Toxic employees? First, look in the mirror.
Earlier this week, a friend of mine who works in retail shared with me that her boss, in a daily staff meeting intended to motivate performance said, “You should understand that ALL of you are replaceable! There are toxic people on this team!
Really, Captain Obvious?
Years ago, I took a transformational workshop in which I was repeatedly told, ”There’s nobody out there.” This confused me greatly until I finally understood that life is a mirror that shows us who we are being by putting in our path those who reflect us.
I can’t say I was initially thrilled by that realization.
Now that I understand how The Law of Attraction works, I am happy that life is a mirror because it means I can do something about it. The alternative would be that I have no control whatsoever over what shows up around me.
The Law of Attraction dictates that we get more of what we focus on. We also get more of what we are being.
Show me a toxic team and I’ll show you a leader who is (a) toxic himself or (b) resisting toxicity with everything he’s got (which means his full attention is on toxicity), or (c) both. I want to call my friend’s retail manager and say, “If you start focusing on what your team does well, the toxicity will immediately begin to diminish.” I suspect he would reply, “Tell them to stop being toxic and I’ll be able to see what they do well.”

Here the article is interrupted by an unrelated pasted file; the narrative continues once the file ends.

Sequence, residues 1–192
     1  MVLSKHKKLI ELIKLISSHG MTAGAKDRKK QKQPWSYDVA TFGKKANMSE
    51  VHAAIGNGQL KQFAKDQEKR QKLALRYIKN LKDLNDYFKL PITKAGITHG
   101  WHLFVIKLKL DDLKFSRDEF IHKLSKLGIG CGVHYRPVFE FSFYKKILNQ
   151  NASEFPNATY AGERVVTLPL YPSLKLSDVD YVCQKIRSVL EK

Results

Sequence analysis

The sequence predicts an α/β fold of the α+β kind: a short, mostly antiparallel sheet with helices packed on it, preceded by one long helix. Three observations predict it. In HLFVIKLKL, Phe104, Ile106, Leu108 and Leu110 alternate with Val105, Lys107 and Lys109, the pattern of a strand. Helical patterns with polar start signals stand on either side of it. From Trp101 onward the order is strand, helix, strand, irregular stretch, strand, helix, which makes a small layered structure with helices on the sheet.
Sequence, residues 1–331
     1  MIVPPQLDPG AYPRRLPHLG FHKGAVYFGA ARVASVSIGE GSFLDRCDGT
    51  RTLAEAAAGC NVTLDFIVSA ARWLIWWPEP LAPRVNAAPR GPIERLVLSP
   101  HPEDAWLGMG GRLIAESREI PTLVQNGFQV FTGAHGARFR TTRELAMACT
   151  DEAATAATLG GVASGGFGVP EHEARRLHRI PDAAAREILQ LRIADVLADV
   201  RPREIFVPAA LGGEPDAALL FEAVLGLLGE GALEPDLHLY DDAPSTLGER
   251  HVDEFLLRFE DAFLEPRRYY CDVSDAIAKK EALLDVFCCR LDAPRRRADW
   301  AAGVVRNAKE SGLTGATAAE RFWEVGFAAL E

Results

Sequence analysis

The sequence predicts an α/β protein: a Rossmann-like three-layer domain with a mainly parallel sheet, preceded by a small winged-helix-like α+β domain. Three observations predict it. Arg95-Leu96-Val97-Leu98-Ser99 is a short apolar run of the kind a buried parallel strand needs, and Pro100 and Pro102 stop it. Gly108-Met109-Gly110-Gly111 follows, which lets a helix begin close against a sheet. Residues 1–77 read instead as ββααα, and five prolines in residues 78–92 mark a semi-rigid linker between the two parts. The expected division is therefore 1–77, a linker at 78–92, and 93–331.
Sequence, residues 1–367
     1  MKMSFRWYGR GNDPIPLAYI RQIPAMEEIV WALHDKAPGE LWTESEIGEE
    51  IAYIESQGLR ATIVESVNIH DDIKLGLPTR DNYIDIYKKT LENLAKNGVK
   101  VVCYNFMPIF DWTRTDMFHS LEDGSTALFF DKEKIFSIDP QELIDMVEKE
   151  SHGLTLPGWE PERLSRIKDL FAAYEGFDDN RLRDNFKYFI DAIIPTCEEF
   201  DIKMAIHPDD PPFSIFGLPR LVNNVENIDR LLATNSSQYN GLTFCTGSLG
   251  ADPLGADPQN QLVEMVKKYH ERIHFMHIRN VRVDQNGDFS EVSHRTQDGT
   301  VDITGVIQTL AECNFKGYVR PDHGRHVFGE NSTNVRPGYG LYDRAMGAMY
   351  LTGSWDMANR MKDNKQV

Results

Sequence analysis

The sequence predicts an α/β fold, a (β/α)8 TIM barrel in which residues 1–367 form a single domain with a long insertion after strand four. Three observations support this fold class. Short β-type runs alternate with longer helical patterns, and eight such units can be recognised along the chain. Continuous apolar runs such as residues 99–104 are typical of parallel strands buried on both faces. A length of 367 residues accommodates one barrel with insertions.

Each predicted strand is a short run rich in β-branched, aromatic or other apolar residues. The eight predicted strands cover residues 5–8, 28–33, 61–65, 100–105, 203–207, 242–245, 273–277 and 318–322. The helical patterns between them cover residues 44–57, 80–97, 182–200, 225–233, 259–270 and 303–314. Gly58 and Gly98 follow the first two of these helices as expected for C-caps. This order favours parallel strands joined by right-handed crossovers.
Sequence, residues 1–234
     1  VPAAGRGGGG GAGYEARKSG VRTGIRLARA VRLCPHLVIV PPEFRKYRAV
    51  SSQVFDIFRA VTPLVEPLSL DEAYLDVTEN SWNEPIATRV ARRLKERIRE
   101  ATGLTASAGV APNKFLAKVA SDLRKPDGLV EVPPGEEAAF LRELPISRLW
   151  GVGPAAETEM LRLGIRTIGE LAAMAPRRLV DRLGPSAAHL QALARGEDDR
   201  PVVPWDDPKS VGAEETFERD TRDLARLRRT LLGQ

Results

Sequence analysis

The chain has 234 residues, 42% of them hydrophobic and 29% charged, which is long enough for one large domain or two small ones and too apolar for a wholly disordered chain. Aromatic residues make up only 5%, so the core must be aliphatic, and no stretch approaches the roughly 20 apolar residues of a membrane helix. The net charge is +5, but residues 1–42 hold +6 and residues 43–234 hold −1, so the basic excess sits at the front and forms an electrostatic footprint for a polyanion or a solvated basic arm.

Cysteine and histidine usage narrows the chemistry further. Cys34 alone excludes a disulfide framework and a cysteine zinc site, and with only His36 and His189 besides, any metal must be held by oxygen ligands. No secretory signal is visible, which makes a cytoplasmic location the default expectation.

In my line of work, the leadership team that hires me almost always wants me to “fix” the employees. Those employees they want me to fix repeatedly ask, “Are the managers ALSO getting this message?”
That is the dance of poor Employee Engagement: I’ll change as soon as THEY change. I’ll focus on their faults until they stop focusing on mine.
No one seems to understand that you cannot see in the mirror something you are not a match to. As long as you are focused on the behavior you don’t want, you will continue to see that behavior all around you. Worse, when you look in an actual mirror, your face will be that of someone exhibiting the exact same behavior.
I suspect that, like me, you may not initially be thrilled by this message. Take heart. All you need to do is change your focus! Start looking for the behavior you want. If you don’t see it, start imagining it so vividly that it feels like it’s already happening. And watch how quickly things change.
Change your focus; engage your team!